“Antarctica is like summer camp for grown-ups, but cold,” Cardman tells us. You work together, you play together. It’s a really great experience because you have all these different types of people with a common goal of doing a science project – from academics to engineers to cooks to electricians.”
She describes her time in Antarctica – “a constant nature documentary” – as instrumental to not just career, but her life. “It’s amazing, getting to see penguins in real life, getting to smell penguins in real life – that last part is less exciting. They are endlessly adorable and fun to watch.”
She added that, on Christmas morning, while they were out on a pair of Zodiac speedboats, “some humpbacks appeared right next to me – you could reach out and touch them if you wanted to. I am so grateful for that experience.”
Cardman’s time in extreme environments conducting cutting-edge science certainly seems like a good fit for a future astronaut, but her earlier time at university featured a somewhat more eclectic mix of subjects, including biology, marine science, and poetry.
She signed up for poetry at first simply because all science majors had to take an English class, but thanks to a wonderful lecturer – a long-term substitute to boot – and a fantastic course, she ended up writing a thesis on the subject. “It’d be my last chance to do that sort of thing,” she adds.
We mention the scene in the movie Contact, where protagonist Dr. Ellie Arroway, upon seeing an alien civilization for the first time, remarked: “They should have sent a poet.” How does Cardman feel about finally being an astronaut that ticks this box?
“I hope that experience will help me convey the things that I see when I eventually go to space,” she tells us, before adding: “God, I really… I have no idea what to expect.
“From what I understand, this job continues to feel surreal and fake until that moment that you lift off. But I think getting to see the curve of the Earth against that black background – it must be completely life-altering. I can’t even imagine what it’ll be like, but I hope I’ll be able to convey that back home.”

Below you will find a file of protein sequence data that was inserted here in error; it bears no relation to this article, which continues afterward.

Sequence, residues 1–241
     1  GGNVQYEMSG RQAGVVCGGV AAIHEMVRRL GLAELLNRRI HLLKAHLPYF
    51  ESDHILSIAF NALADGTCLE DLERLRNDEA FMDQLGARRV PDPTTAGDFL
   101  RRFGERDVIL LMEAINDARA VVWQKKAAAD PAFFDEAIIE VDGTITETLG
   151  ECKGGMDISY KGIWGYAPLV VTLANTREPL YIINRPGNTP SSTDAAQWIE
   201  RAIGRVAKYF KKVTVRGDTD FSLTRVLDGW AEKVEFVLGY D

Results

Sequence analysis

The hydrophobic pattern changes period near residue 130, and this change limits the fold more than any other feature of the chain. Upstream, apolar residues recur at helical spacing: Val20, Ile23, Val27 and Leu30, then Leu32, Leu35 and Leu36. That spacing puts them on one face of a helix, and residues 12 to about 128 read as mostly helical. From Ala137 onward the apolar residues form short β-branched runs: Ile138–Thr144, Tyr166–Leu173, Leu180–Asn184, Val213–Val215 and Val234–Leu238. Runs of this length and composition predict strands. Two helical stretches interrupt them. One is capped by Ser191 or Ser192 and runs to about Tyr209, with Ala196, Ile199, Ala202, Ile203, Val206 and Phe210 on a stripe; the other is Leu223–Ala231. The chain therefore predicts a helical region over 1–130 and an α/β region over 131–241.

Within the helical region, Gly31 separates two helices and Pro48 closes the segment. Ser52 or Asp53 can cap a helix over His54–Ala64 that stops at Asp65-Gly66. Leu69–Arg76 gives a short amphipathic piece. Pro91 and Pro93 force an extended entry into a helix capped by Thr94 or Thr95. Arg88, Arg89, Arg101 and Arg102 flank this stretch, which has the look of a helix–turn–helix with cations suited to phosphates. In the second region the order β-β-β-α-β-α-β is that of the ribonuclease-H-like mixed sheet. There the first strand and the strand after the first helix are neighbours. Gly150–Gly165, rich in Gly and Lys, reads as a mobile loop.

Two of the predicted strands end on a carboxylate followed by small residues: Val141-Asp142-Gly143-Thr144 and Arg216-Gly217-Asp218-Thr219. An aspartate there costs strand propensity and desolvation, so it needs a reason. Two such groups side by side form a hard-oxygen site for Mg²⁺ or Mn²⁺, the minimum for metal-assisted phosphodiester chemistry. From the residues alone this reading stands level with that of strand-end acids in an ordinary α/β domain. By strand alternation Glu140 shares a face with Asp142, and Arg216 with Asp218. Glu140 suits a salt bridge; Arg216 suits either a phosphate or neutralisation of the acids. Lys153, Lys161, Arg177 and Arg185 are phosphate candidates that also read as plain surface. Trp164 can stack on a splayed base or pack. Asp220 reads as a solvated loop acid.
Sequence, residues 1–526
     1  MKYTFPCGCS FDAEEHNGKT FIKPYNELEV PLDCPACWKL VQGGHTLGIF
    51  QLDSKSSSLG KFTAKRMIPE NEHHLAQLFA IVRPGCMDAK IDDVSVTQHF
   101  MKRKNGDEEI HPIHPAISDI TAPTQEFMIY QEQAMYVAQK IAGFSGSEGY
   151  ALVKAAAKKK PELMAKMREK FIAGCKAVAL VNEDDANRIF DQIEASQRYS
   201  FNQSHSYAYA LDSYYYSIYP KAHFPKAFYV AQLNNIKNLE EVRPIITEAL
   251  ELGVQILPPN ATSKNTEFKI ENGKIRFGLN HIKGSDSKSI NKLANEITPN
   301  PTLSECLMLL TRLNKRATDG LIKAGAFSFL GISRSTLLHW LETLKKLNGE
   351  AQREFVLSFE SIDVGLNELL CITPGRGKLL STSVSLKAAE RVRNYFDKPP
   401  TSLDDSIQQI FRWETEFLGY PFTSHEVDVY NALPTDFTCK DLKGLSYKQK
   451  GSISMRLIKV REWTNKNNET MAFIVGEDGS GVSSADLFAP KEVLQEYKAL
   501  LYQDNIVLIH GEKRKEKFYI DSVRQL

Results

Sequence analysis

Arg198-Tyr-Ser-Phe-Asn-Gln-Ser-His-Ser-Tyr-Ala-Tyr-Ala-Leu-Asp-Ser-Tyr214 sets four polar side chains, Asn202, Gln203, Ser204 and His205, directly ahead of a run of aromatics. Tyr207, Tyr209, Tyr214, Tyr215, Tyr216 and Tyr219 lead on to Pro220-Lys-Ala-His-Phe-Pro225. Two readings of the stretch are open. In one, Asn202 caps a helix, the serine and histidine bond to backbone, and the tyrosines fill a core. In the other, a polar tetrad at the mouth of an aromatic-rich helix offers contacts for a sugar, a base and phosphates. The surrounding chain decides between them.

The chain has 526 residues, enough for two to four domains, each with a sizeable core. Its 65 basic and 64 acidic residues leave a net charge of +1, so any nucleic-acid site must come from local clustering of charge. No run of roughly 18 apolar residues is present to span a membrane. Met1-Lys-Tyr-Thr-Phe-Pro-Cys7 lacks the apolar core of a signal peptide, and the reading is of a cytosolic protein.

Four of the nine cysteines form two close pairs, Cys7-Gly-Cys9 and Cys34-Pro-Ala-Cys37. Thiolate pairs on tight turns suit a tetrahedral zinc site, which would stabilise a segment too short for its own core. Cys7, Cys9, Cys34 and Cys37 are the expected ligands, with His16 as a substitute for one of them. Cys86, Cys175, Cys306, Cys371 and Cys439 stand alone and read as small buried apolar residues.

So what happens now, we ask. With a wonderful sense of nonchalance, Cardman tells us that “the first two years is the training period. It’ll be like being back in school again; everything from learning to fly P-38 supersonic jets to learning spacewalking techniques.”
She’ll also be mandated to learn the Russian language, “which I’m very excited about – I’ve never learned a language that has a different alphabet before.” Robotics and the workings of the International Space Station (ISS) will also feature heavily.
Indeed, the ISS is where she’ll be headed first, but soon after, “our eyes will turn outwards beyond low-Earth orbit, just like it did with the Apollo program.” Cardman says that whether it’s an asteroid, the Moon, Mars, or anywhere else, she’ll be fine. “I’ll happily go wherever they send me.”
Cardman has done much and explored a lot of Planet Earth in the name of science, and she’s not even 30 yet. That makes her a powerful ambassador for women in STEM – and now, she’s also going to be an astronaut. It’s a one-in-a-billion legacy, and something she doesn’t credit to hard work alone.
“Part of it is that I followed what interested me,” she notes. “But more importantly, I got lucky – I had mentors that wrote back and said they would help me, who took a chance on me when I was just some undergrad.
“I will be forever grateful to them – and to my family of course, who let me go on all these crazy adventures, and who are still supporting me on this new, wild adventure.
“I think I speak for everyone in this class when I say, we haven’t done this alone. That’s for sure.”